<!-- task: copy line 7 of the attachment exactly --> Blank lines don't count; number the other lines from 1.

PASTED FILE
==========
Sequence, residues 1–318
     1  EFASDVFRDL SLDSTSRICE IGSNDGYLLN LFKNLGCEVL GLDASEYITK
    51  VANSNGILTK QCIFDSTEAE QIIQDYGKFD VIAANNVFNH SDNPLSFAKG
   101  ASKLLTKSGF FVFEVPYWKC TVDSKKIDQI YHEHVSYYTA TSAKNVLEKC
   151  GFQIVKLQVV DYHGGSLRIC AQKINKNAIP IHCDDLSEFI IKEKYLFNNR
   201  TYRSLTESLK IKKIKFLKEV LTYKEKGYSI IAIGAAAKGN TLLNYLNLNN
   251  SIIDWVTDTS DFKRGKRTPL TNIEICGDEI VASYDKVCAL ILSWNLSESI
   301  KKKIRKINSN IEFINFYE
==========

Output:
   251  SIIDWVTDTS DFKRGKRTPL TNIEICGDEI VASYDKVCAL ILSWNLSESI